Ten ways Dr. Caitlin Pedati failed Iowans

State Medical Director and Epidemiologist Dr. Caitlin Pedati is leaving the Iowa Department of Public Health (IDPH) in late October, the agency announced on September 22.

The leader of Iowa’s COVID-19 response had hardly been seen in public all year and granted few media interviews. Pedati was an occasional speaker at Governor Kim Reynolds’ televised news conferences during the first eight months of the pandemic, but had not appeared at one since November 2020.

The unexplained departure raised questions about whether Pedati walked or was forced out. Reynolds’ new spokesperson Alex Murphy told Bleeding Heartland via email that no one in the governor’s office asked the medical director to leave. “This was a personal decision by Dr. Pedati.” Murphy also said the governor won’t pick her successor; rather, IDPH Director Kelly Garcia “and her team will handle the hiring.”

I’ll be seeking records that could show whether Pedati (a board-certified pediatrician) disagreed with any aspects of Iowa’s COVID-19 mitigation strategy, such as grossly inadequate guidance for schools or the retreat from recommending masks, even for unvaccinated people crowded together indoors.

Whether or not Pedati had any private misgivings, she repeatedly failed to keep Iowans safe or adequately informed during this pandemic, which has already killed more than 1 in 500 Iowa residents who were alive eighteen months ago.

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Governor muzzles public health experts on masks

Once upon a time, Governor Kim Reynolds postured as an advocate for mask wearing to reduce community transmission of COVID-19. Although she never consistently masked up when near others, and often sent mixed messages about whether face coverings were advisable for everyone or mainly for vulnerable people, she appeared in videos last year that promoted masks as one way to “step up and stop the spread.”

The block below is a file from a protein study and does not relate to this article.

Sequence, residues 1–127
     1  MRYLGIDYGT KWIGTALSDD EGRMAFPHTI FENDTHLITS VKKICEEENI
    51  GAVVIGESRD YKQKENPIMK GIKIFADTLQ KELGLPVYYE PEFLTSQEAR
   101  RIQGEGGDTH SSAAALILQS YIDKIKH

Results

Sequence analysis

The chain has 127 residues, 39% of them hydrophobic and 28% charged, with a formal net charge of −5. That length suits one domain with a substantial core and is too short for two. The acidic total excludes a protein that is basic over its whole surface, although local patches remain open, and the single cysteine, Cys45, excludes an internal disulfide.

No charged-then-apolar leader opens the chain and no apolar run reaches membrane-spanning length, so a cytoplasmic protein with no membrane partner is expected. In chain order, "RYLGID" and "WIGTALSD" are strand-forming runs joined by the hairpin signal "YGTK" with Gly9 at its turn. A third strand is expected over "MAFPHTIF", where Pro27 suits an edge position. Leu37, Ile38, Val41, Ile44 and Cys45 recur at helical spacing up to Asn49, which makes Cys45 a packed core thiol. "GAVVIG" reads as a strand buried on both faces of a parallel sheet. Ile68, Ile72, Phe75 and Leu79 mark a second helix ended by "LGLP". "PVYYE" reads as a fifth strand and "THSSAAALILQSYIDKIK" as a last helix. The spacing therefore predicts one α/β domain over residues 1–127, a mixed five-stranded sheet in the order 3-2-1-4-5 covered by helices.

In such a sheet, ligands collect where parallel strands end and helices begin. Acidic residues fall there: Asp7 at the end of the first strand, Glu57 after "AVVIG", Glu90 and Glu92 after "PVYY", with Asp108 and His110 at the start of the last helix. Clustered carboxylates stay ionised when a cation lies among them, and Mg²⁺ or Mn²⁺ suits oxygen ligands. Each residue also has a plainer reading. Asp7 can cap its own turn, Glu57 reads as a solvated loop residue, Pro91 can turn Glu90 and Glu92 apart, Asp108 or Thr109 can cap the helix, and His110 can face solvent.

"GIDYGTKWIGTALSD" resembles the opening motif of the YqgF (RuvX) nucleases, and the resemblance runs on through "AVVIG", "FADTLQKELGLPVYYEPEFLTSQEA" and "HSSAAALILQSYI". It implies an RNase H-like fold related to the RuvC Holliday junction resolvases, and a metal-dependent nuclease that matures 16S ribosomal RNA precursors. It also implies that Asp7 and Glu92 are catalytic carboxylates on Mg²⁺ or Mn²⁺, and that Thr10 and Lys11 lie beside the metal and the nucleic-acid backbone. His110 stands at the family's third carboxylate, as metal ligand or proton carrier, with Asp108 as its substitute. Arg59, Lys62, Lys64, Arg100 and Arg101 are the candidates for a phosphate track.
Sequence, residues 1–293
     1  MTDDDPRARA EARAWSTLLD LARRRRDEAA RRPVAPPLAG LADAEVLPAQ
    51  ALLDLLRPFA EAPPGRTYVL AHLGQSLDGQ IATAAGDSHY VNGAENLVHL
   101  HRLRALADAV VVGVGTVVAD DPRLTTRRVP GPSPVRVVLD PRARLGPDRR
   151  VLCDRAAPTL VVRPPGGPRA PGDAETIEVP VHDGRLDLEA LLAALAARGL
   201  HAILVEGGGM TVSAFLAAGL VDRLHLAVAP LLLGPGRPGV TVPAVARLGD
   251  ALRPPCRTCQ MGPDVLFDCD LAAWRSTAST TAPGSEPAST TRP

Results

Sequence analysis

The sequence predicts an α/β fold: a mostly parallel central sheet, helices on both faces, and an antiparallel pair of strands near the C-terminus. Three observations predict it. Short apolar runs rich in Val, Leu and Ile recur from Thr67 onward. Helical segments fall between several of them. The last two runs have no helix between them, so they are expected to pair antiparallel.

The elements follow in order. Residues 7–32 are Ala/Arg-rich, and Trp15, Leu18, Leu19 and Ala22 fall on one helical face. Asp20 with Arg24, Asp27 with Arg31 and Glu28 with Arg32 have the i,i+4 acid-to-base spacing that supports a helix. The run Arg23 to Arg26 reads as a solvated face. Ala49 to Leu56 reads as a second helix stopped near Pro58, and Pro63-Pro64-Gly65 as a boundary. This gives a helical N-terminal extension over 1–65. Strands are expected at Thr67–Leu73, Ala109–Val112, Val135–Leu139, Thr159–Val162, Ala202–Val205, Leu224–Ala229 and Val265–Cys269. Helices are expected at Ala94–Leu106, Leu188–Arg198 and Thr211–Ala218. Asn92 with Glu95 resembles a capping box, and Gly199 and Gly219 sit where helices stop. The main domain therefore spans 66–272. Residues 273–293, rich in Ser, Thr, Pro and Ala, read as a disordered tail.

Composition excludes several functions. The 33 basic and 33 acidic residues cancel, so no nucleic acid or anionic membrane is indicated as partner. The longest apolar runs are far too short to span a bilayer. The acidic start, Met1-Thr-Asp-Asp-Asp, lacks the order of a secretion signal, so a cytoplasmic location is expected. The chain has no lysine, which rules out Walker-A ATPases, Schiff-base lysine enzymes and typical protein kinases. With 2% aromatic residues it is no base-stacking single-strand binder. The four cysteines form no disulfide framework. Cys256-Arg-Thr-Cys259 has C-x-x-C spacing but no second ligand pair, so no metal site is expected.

The governor stopped touting masks some months ago. In recent interviews and public appearances, she has claimed it’s not clear whether face coverings reduce virus transmission in schools, and has asserted that masks can harm children.

The Iowa Department of Public Health has similarly retreated from recommending masks as part of a layered COVID-19 mitigation strategy. The governor’s staff have micromanaged the public health agency’s communications with the media since the earliest days of the pandemic. At Reynolds’ latest news conference, she and a staff member intervened twice to stop IDPH Director Kelly Garcia from answering questions about the benefits of masks.

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Governor blocks Iowa schools from opening "safely and responsibly"

Governor Kim Reynolds loves to boast that Iowa “led the way” in bringing kids back to school during the COVID-19 pandemic, “and we did it safely and responsibly.” The talking point was debatable last year, since Iowa’s new cases and hospitalizations began surging several weeks after schools reopened.